Why Dogs Want to Be Hand Fed



Most puppies wolf down their puppy chow without much chewing, which is something that most dogs grow out of. Some dogs are picky eaters, either because they don’t like their food or because they’ll only eat it under a specific set of conditions. If you adopt an adult dog, or your dog grows up to become a picky eater, you may have had to try to coerce your dog to eat. Some flat-out refuse to eat a single nugget unless it’s fed to them by hand. Why do some dogs insist on being hand fed? What can you do about it? Is hand feeding spoiling your dog too much? Is it healthy?

The Root of the Behavior

There is a lot going on when a dog eats. Eating, to a dog, is a lot more than just taking in food to satisfy hunger. Eating is also an extremely social event, meaning that there’s a lot of hidden cues your dog is picking up on that you might not be thinking about. For example, your dog values privacy and space while eating. Dogs don’t like to share their bowls or their eating space. Dogs who are forced to share their eating space may become protective of their food or aggressive toward nearby pets. Some dogs may be naturally more protective of their food and treats than others. Hand feeding your dog discourages resource guarding—your dog protecting their food. Your dog learns that you are the only pathway toward food and that you are the source of rewards and goodies. Some have suggested that taking your dog’s bowl away during training teaches your dog the same thing, but taking their bowl away while they’re eating may actually reinforce those food guarding behaviors, making your dog feel like they have to be on guard all the time to make sure their food isn’t disturbed.

You can also use hand feeding to teach your dog patience and control. If you place a bowl in front of an over-excited, circling, barking, jumping dog, they learn that excitement is rewarded with food. By controlling when you allow them to eat, you can teach them that food will only be given once they are calm and sitting patiently. If you bribe your dog to eat—by letting them refuse their own food and later giving them table scraps or other treats, you may be doing more harm than good. For starters, that kind of bribery reinforces that skipping a meal will resort in yummy treats. For those dogs, weight gain or other health concerns can be a result. Or, your dog may just stop eating altogether, believing that whatever you’re going to give them later will be better than the kibble you’ve offered.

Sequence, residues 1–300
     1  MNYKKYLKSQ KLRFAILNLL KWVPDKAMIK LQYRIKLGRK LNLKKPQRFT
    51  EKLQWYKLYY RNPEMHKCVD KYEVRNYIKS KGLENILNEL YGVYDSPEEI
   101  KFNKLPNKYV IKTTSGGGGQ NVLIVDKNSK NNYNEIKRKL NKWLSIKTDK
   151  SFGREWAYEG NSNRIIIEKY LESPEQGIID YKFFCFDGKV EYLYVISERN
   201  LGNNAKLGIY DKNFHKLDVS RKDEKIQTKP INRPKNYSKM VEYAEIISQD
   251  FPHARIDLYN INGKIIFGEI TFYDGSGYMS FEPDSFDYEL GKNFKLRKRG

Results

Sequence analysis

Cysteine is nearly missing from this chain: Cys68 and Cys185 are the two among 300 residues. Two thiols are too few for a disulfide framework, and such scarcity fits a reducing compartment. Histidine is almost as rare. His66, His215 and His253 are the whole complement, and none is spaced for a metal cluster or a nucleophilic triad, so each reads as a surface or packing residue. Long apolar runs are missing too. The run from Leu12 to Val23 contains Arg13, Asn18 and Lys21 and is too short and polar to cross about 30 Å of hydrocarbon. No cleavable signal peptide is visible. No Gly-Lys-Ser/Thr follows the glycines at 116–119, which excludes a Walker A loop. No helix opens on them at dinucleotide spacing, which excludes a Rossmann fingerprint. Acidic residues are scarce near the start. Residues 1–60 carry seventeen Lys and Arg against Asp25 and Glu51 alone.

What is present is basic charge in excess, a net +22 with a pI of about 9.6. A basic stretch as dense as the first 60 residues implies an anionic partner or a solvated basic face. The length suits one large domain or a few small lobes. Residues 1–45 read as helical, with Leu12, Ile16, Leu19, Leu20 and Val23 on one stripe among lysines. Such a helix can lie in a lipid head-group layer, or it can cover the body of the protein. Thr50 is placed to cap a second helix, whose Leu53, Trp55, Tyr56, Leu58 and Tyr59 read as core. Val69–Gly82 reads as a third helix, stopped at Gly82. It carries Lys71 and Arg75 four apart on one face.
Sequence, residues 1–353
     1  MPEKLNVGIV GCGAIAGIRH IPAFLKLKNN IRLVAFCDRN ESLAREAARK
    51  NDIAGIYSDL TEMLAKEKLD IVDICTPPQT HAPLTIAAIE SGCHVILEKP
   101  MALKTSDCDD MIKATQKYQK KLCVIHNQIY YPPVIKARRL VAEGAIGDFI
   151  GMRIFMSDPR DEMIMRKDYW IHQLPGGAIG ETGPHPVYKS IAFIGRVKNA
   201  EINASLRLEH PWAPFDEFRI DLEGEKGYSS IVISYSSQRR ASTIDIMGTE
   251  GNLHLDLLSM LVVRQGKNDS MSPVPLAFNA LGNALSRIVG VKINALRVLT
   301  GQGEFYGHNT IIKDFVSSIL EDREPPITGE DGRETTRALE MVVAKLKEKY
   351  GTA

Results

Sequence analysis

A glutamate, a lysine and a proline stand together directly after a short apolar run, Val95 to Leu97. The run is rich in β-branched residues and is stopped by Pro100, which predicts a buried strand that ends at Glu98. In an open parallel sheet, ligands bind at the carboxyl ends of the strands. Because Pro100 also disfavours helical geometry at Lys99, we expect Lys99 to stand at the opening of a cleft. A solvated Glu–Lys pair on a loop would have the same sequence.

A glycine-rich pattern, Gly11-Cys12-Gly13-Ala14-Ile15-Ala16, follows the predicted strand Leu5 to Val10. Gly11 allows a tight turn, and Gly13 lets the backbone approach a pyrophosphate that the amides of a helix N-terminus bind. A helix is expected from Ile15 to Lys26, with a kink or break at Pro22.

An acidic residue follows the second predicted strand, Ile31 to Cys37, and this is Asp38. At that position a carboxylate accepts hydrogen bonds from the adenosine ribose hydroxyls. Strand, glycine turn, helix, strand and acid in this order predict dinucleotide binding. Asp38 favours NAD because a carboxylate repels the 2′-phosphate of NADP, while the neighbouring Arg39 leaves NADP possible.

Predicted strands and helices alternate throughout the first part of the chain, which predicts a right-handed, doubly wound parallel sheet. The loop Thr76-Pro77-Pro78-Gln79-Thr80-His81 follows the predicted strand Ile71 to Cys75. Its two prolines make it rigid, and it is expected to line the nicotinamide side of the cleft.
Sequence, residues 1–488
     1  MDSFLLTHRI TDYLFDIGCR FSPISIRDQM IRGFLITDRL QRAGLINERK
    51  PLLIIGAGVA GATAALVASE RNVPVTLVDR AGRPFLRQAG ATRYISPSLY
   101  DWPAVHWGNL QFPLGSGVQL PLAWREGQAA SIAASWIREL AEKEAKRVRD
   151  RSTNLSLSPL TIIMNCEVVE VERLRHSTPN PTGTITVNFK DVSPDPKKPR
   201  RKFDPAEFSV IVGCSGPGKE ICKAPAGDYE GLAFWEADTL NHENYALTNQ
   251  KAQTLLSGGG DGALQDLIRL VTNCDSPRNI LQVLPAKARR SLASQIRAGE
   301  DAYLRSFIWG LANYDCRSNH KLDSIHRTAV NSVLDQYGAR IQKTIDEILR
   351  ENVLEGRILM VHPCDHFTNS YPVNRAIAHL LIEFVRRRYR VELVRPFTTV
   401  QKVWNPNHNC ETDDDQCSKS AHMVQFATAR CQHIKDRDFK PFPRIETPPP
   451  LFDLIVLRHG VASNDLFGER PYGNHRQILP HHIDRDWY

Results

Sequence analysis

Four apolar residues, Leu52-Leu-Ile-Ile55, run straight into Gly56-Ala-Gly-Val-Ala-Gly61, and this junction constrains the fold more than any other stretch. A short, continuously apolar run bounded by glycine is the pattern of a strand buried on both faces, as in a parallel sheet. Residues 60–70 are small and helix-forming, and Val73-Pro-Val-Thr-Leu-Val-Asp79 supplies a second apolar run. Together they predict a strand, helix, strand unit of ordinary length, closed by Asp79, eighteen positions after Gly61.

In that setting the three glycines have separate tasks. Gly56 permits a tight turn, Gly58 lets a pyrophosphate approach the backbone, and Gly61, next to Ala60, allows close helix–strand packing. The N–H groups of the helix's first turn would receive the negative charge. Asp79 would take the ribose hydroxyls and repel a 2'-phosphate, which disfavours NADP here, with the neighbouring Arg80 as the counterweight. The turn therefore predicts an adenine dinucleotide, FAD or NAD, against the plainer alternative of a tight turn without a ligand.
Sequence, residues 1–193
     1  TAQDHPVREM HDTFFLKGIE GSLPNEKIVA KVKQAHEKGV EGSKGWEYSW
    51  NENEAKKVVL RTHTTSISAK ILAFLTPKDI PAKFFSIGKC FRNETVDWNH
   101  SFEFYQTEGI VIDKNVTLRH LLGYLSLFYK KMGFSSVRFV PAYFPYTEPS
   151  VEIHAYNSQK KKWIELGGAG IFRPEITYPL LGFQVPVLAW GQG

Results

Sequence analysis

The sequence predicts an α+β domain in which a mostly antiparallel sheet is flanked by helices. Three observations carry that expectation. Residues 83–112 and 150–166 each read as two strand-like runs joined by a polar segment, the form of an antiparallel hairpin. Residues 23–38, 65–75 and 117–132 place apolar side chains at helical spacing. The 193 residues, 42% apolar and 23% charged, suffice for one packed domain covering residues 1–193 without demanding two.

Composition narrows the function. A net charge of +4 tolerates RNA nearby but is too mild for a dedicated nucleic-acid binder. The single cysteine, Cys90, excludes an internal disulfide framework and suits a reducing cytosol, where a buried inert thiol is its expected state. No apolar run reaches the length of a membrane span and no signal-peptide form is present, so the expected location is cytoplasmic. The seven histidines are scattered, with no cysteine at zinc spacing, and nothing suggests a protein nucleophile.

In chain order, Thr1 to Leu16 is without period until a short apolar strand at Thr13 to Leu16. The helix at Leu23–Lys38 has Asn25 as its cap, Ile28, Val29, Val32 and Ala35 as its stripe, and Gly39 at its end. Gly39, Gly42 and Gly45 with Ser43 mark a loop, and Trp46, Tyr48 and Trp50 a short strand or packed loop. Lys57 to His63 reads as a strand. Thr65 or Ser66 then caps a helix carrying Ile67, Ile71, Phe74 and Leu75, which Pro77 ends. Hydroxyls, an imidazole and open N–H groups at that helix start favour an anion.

Encouraging the Behavior

Hand feeding your dog is actually a great tool for training and getting your dog’s attention to stay focused on you. If you start early on with your new dog, whether you have a new puppy or an adult rescued dog, the same thing applies: hand feeding improves the bond between you and your pet. Starting early is especially important, as it will help you with training as well. Hand feeding your dog keeps their eyes and focus on you without much effort or persuading necessary on your part. While more time consuming than providing your dog with kibble in a readily available bowl, it’s a great way to gain a better bond with your dog and a great way to gain and hold your pet’s attention. You can use these mealtime moments as great opportunities for training as well. Use kibble to work on teaching your dog to come when called, stay, sit, and more. Another perk of hand feeding your dog is controlling when and how much they eat. Dogs who are permitted to graze all day are unpredictable when it comes to potty needs. If you are the only available venue for your dog’s dinner, you’ll know exactly when their walk should be, which keeps late night potty trips—or accidents on your floors—to a minimum.

Other Solutions and Considerations

If your dog suddenly stops eating, you should take them to a vet. Loss of appetite or sudden weight loss may indicate a deeper problem at hand. Make sure your dog is otherwise healthy if they won’t eat. If you don’t want to hand feed your dog, you should still limit the amount of time they’re permitted to eat. Dogs who graze are harder to monitor when it comes to how much they’re actually eating. It also may create competition or food stealing between dogs, often without the owner being aware of it. If you give your dog a set time and duration for meals, they will appreciate the routine and you can still use meal times as training opportunities.


They say the way to a man’s heart is through his stomach, but the truth is, it is actually the way to a dog’s love and trust. Hand feeding might seem like a pain, but the benefits are many. If done right, hand fed dogs can be happy, healthy, trusting, and entirely focused on you.